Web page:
I understand that students that behave inappropriately are complex. When they lash out we see only the tip of a much larger iceberg: we only see the behaviour. Underneath is most often a seething mess of hurt, dysfunction, vulnerability, abuse, anger and neglect. Sometimes it is a mix of these things, sometimes all of them.
I understand that these students have already been let down and betrayed by society.
Most importantly, I understand that to be an inclusive society we need to include those with behavioural needs. It is easier to understand and support students with wheel chairs or a physical disability because these special needs are more obvious. Behaviour is part of this. A students behavioural needs impact on their social and emotional wellbeing and they are just as in need of inclusive practice as other students.
I appreciate that parents are concerned about the safety and welfare of their child, and I agree it can not be just left. A system that ensures the situation is dealt with must be in place because all students have the right to be safe. This is a given. There is no doubt that it needs to be dealt with - but throwing students out of school is not the only answer.
The answers to the alternatives are varied and rely on a multi faceted approach to supporting both the child that lashed out, and the child that was the recipient of that. These are things that schools need to co construct with their communities, and it is vital that there is adequate resourcing in place to support everyone. (That issue is at least several posts in itself!)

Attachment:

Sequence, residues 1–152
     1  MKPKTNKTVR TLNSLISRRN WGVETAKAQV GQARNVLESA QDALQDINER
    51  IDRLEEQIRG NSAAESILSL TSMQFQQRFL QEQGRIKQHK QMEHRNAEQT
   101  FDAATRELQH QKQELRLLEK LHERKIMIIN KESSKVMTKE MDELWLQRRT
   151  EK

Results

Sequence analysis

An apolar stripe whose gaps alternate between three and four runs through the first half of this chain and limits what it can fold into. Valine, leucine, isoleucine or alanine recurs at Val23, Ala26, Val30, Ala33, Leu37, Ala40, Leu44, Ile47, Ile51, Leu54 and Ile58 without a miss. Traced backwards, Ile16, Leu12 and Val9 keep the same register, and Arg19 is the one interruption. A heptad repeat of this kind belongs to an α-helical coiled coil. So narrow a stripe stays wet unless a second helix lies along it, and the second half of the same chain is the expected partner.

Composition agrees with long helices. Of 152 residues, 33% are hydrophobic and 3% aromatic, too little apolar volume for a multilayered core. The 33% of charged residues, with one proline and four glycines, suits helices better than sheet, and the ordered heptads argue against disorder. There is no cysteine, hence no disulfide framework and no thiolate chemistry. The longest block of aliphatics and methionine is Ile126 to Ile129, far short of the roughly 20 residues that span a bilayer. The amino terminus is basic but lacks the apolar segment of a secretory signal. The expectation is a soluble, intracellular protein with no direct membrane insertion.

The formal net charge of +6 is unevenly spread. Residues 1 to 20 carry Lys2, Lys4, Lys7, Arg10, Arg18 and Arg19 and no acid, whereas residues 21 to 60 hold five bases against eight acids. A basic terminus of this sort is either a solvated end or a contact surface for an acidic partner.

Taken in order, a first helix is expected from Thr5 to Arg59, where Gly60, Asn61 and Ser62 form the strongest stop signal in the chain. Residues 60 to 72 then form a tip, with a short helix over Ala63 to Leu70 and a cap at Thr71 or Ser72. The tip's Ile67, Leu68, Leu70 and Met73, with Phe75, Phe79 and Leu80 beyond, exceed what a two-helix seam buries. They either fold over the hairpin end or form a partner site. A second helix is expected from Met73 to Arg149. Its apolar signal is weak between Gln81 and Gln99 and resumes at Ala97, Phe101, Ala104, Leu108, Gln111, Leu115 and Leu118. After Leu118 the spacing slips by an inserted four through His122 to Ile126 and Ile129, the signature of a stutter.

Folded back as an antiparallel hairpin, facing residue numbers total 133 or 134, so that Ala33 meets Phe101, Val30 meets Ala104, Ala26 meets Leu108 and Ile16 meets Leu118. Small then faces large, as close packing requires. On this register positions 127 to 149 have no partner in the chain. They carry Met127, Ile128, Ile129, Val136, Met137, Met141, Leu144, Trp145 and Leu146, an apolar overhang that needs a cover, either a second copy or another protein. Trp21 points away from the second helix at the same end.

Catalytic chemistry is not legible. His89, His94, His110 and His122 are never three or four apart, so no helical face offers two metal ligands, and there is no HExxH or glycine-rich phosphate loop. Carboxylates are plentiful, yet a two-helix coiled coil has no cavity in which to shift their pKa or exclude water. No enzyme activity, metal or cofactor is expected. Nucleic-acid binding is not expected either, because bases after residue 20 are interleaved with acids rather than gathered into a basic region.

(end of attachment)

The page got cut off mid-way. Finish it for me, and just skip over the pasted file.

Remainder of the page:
However, If I had one wish around parental expectation, it would be that they understood the issue as I do, and that a school that chooses not to exclude does not mean that the school is not doing something about it. On the contrary, they are most likely putting in an 'above and beyond the call of duty' effort to support all students, and if it was your child they would do the same. Sometimes you can not see the Herculean efforts that a school leader and the team are putting in place in order to support all the students in their school, and sometimes, you won't know because they are unable to discuss them with you. Being bound by a code of confidentiality means that you may never know what is happening.
So, by all means be upset about Cecil the Lion, but I wonder if you might find some room in your heart to be as equally outraged on behalf of all the kids whose potential is lost. I appreciate that when they are angry and hurt, lashing out at all in their path, and your child gets caught in the cross fire, that they are not as cute and loveable as Cecil. But I implore you to understand that they are just as vulnerable. It is not a hunters gun that kills them, but societies lack of understanding and empathy that sees their potential killed off.
The loss of any students potential is ultimately a loss for all of us because at the end of the day, it is society that pays.
Let our compassion encompass those things just a little closer to home.